Asking For A Friend: How can I cope with difficult relatives on Christmas?

The most wonderful time of the year? Not when you have a dysfunctional family and a rocky relationship with your hometown.

For people who don’t get on well with their family, or have yet to overcome trauma from their past, going home for Christmas can be less cheer and more stress. 

Spending time in places – or with people – you associate with difficult memories can be painful and triggering.

Not only that, but some family members can be purposefully provocative, stirring the pot to get a reaction.

If staying away from family isn’t an option this year (indeed, many of us feel obligated to visit our families during the festive period), you need to arm yourself with some life hacks for dealing with difficult family members. 

How to cope with difficult relatives this Christmas

Have a break from social media

Around Christmas, social media is often teeming with idealised versions of family Christmas, with expensive gifts and immaculate decorations. 

‘Seeing this will only add to the pressure you feel to make your day perfect, too,’ Vanessa Cochrane, a relationship expert at BrandRated, tells Metro.co.uk.

‘Take a break from it, and hopefully you will appreciate your real Christmas even more.’

And remember: social media is a highlight reel – it never shows the full picture. 

Set clear boundaries

‘Just because you can put up with something, doesn’t mean you should,’ says Vanessa.

If there are certain things you don’t want to discuss, whether it’s money, politics, your love life or something else, make sure your family members know this. 

‘You could be making a conscious effort to be more mindful and consume less negative news, for example, but it won’t be easy if everyone around you wants to talk about it,’ Vanessa continues.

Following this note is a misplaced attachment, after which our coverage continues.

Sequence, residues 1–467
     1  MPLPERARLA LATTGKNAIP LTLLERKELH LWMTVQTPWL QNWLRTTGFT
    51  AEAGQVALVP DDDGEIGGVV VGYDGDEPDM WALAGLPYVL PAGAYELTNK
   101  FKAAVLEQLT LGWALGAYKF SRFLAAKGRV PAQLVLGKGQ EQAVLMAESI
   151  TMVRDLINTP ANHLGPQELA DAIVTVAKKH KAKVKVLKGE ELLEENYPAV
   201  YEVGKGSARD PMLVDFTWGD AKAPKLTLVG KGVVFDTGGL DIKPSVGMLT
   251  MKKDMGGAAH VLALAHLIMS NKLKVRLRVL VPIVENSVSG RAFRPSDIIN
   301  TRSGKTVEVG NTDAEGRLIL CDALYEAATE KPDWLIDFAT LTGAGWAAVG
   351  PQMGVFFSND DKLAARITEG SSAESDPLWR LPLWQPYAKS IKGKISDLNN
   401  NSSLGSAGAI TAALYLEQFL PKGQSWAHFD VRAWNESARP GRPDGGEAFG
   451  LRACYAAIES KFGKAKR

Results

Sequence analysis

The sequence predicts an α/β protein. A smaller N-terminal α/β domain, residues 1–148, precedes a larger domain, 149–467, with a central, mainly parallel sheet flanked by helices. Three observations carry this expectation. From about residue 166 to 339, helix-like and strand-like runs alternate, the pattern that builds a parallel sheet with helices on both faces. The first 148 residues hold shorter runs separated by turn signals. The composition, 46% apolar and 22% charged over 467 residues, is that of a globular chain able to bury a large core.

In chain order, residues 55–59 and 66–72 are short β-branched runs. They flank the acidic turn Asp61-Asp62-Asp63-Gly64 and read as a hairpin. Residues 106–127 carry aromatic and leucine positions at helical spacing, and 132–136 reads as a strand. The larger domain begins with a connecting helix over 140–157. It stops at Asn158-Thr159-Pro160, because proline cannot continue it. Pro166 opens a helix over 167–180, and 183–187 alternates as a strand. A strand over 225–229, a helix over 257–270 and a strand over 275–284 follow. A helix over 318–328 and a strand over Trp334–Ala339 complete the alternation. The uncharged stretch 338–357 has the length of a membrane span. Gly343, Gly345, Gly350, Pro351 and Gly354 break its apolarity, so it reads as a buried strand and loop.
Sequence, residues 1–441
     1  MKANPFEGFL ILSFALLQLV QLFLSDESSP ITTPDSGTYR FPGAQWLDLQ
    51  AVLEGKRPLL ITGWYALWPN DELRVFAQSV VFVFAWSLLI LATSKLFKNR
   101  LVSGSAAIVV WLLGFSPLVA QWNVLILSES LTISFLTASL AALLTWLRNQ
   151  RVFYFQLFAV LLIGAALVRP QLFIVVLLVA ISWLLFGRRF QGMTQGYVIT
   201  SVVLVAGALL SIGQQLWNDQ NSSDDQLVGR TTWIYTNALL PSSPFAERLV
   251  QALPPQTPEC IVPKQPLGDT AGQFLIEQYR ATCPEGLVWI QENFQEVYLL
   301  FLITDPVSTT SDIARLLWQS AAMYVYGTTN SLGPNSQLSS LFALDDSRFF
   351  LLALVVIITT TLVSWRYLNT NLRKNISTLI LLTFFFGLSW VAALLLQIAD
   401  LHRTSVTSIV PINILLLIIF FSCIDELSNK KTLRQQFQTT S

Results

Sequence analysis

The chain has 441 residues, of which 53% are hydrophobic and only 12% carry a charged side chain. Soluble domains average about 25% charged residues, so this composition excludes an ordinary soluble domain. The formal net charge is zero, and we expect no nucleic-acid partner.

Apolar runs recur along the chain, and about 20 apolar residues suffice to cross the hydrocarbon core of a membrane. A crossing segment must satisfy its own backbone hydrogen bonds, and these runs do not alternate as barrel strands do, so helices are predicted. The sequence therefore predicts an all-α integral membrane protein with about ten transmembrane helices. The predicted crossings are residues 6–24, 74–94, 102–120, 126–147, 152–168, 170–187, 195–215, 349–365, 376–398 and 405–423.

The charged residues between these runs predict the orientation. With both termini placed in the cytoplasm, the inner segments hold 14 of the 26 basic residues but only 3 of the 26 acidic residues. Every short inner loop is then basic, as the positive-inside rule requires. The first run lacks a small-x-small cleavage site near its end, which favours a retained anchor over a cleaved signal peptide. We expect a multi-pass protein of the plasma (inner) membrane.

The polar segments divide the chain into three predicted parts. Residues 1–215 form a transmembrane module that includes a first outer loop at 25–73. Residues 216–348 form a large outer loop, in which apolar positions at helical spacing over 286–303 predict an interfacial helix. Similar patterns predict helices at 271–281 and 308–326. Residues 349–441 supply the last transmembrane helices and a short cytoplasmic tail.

‘Set your boundaries and remind your family what topics are off limits, and this should minimise potential arguments.’

Ask questions

If your family isn’t the boundary-respecting type, make sure you’re ready to divert conversations when they get uncomfortable. 

‘Take a breath and keep your tone calm, and first let them have their opinion without reacting,’ says Vanessa.

‘You might want to address the issue, but sometimes that can only add fuel to the fire rather than calming it down. 

‘Ask questions to help understand their point, rather than defending yourself. 

‘Being curious and calm will help to avoid aggression and get to the root of the issue without raising tempers.’ 

Take a break

You don’t have to spend the entirety of your Christmas break around triggering family members – there’s no shame in making time for yourself.

Vanessa suggests planning some activities, like a game of charades or a Christmassy craft, that everyone can get involved in while you slip away for ten minutes to give yourself a break.

‘If the tension is rising, suggest everyone get some fresh air and go for a walk,’ she adds.

‘A change of scenery can be really helpful after being confined in the house together from Christmas Eve to Boxing Day.’

She also suggests setting a limit of how long you will spend with certain family members that you know are difficult to be around.

‘Sandwich that time with seeing friends or family that bring you up instead of down,’ she says.

Put yourself first

Finally, don’t be afraid to look out for yourself (someone has to do it).

‘You know what you can and can’t cope with,’ says Vanessa. 

‘Put yourself first and don’t be afraid to say no to invitations, especially from toxic family members, that will put you in a stressful situation and harm your mental health.’

This can also apply to exchanging gifts when you don’t have enough money.

‘Say no or suggest a secret Santa with a budget as low as you can afford, so everyone still gets a gift with much less pressure than shopping for everyone,’ says Vanessa.

‘With a strict budget set, you can avoid a relative commenting that they spent more on your gift than you spent.’

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